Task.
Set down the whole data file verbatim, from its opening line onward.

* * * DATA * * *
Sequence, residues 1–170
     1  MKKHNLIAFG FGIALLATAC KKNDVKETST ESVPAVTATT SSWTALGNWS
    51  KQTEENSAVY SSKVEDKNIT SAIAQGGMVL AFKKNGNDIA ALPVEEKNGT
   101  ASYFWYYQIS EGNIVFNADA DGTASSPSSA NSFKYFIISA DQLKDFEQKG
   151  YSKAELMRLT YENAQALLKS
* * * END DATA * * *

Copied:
Sequence, residues 1–170
     1  MKKHNLIAFG FGIALLATAC KKNDVKETST ESVPAVTATT SSWTALGNWS
    51  KQTEENSAVY SSKVEDKNIT SAIAQGGMVL AFKKNGNDIA ALPVEEKNGT
   101  ASYFWYYQIS EGNIVFNADA DGTASSPSSA NSFKYFIISA DQLKDFEQKG
   151  YSKAELMRLT YENAQALLKS